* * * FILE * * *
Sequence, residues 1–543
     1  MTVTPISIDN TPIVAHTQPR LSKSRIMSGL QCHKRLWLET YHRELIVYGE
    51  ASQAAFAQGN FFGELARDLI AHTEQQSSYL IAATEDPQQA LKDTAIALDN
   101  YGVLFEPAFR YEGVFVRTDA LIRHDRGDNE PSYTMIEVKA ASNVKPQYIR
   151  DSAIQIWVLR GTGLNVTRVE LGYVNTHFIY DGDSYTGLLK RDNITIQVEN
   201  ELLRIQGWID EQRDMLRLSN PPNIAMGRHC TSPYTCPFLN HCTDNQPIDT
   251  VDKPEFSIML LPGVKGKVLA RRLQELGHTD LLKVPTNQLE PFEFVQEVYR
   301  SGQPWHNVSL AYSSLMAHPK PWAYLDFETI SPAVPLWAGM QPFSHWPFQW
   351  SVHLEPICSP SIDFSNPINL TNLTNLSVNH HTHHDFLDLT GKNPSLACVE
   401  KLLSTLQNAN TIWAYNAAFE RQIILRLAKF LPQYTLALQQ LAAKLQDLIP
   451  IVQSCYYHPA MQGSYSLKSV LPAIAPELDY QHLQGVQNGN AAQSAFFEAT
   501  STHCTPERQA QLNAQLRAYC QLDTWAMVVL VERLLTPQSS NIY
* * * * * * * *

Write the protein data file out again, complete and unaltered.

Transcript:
Sequence, residues 1–543
     1  MTVTPISIDN TPIVAHTQPR LSKSRIMSGL QCHKRLWLET YHRELIVYGE
    51  ASQAAFAQGN FFGELARDLI AHTEQQSSYL IAATEDPQQA LKDTAIALDN
   101  YGVLFEPAFR YEGVFVRTDA LIRHDRGDNE PSYTMIEVKA ASNVKPQYIR
   151  DSAIQIWVLR GTGLNVTRVE LGYVNTHFIY DGDSYTGLLK RDNITIQVEN
   201  ELLRIQGWID EQRDMLRLSN PPNIAMGRHC TSPYTCPFLN HCTDNQPIDT
   251  VDKPEFSIML LPGVKGKVLA RRLQELGHTD LLKVPTNQLE PFEFVQEVYR
   301  SGQPWHNVSL AYSSLMAHPK PWAYLDFETI SPAVPLWAGM QPFSHWPFQW
   351  SVHLEPICSP SIDFSNPINL TNLTNLSVNH HTHHDFLDLT GKNPSLACVE
   401  KLLSTLQNAN TIWAYNAAFE RQIILRLAKF LPQYTLALQQ LAAKLQDLIP
   451  IVQSCYYHPA MQGSYSLKSV LPAIAPELDY QHLQGVQNGN AAQSAFFEAT
   501  STHCTPERQA QLNAQLRAYC QLDTWAMVVL VERLLTPQSS NIY